Another bus feature that’s still being worked out is a technology that controls which of the bus’s doors opens in different situations. The BYD buses include doors on both the right and left sides because some of the Red Line stops are curbside and others are on islands between lanes of traffic.
A third party, Pennsylvania-based Avail Technologies Inc., is supplying the door technology, which is meant to sense the bus’s surroundings and open the proper door when the driver pushes a button.
The needed hardware has been installed on the IndyGo buses but the software won’t be installed until July.
Some of the other difficulties IndyGo has encountered seem to be related to BYD’s status as a relative newcomer in this country.
In February, IndyGo exchanged several emails with BYD over a translation snag—the vehicle charger display panels showed instructions in Chinese, and IndyGo couldn’t figure out how to switch them to English.
Also in February, IndyGo’s first BYD vehicle hit 3,000 miles—a preventive maintenance milestone. IndyGo staffers asked the manufacturer for a maintenance handbook. BYD said the handbook wasn’t ready yet from China, but it could offer IndyGo some slides containing the information.
So far, IndyGo says BYD has met the transit system’s expectations for dealing with problems as they arise, even though some have taken weeks or months to work through.
“Very typically, they have responded in a reasonable time frame,” Day said.
It’s common for transit agencies to run into some challenges when bringing a new type of vehicle into their fleets, said Jeff Hiott, assistant vice president for technical services and innovation at the American Public Transportation Association.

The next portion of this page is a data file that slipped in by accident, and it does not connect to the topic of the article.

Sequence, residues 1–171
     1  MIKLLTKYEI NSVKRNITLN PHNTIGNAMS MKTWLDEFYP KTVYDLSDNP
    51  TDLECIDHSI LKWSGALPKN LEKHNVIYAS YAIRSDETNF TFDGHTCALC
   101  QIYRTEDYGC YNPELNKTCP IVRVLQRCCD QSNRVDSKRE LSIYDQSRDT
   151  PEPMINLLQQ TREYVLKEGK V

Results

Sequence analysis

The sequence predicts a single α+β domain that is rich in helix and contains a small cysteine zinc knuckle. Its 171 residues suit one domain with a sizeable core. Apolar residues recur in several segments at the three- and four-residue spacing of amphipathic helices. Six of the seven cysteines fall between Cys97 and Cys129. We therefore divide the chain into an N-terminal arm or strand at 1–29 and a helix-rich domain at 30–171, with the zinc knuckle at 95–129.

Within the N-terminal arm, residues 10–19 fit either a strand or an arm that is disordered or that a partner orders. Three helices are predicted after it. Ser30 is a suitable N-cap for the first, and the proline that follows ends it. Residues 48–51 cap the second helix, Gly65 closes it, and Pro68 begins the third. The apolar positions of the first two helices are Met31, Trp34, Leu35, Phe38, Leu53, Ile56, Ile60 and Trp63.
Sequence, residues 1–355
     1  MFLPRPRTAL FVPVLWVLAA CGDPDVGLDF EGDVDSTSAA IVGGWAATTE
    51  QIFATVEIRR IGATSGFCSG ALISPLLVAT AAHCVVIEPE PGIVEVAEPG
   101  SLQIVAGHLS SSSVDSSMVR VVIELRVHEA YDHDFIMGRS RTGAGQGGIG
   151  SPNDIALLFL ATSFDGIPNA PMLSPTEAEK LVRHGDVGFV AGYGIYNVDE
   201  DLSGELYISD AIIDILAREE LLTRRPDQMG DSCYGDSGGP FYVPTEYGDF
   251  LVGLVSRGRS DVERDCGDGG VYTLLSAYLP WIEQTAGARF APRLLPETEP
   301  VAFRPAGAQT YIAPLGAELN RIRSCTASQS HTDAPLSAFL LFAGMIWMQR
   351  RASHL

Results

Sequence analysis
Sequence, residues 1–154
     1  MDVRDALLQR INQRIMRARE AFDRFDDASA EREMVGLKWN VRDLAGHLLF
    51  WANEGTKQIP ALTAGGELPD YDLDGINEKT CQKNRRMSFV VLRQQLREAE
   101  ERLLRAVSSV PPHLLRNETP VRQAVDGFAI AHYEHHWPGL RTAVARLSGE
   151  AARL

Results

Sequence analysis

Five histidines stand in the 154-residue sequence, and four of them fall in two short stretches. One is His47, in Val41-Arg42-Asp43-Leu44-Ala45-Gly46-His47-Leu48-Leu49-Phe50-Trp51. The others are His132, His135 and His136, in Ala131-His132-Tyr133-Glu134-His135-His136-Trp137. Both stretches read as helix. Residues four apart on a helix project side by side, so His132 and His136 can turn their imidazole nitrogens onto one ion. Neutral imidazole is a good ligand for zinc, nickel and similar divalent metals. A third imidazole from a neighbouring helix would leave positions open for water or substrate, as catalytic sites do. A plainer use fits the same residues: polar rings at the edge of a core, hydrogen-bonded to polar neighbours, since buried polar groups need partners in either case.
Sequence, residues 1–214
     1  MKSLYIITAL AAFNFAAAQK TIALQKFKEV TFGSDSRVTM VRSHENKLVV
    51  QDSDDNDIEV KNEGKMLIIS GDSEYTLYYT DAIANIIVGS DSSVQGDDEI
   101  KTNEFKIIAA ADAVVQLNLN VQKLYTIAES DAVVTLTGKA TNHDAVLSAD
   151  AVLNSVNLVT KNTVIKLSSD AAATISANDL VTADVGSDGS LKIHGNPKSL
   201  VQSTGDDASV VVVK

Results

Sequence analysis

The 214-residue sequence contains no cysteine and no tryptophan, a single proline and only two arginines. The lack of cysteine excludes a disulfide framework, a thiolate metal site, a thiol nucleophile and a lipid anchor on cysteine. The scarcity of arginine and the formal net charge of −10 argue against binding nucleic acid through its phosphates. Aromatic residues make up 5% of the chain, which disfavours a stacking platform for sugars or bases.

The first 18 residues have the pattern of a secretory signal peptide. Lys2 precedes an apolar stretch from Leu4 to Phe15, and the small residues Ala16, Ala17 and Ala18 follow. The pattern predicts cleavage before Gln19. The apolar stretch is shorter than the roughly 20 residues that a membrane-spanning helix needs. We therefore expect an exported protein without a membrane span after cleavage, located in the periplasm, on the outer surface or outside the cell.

“There’s a ramp-up period for everyone involved to learn how to operate and maintain these vehicles,” Hiott said.
Only a handful of other U.S. transit systems have received K11 buses from BYD, and their reviews are mixed.
The city of Albuquerque, which received its BYD buses in October 2017, was so unhappy with the vehicles that it sent them back in November 2018 and took the manufacturer to court.
The parties came to a settlement last month that terminated their contract. The settlement also prevents either party from taking further legal action against the other.
Like IndyGo, Albuquerque was not able to achieve the expected 275-mile charging range with the BYD buses. Albuquerque also said it found other problems with the buses, including faulty brakes and electrical wiring, substandard welding of frames, and other structural and safety concerns. IndyGo has said it has not seen any of these problems in its BYD buses.
The Antelope Valley Transit Authority, in BYD’s California hometown of Lancaster, is a more satisfied customer.
Antelope Valley’s 75-bus fleet includes 41 BYD buses, 11 of which are the 60-foot K11 model. It received its first K11 in May 2017.
The transit system has been pleased with the K11’s performance and continues to add BYD buses to its fleet, said Macy Neshati, Antelope Valley’s executive director and CEO.
The fleet’s BYD buses currently have about 93 percent availability (meaning not out for maintenance or repair), Neshati said, which is much better than the national average of 77 percent for transit buses in general.
Neshati worked for BYD before joining Antelope Valley, but he said, “I work pretty hard at not taking any advantage of my affiliation with BYD.”
When the transit system first acquired its BYD buses, BYD supplied it with a draft maintenance manual that Neshati said was “probably 98 percent accurate” to the permanent manual.
Hiccups like this are common when a brand-new vehicle hits the market, Neshati said.
“New equipment in general is going to have glitches,” he said. “It’s just something you take with a grain of salt as part of the process of accepting new technology on any new bus.”•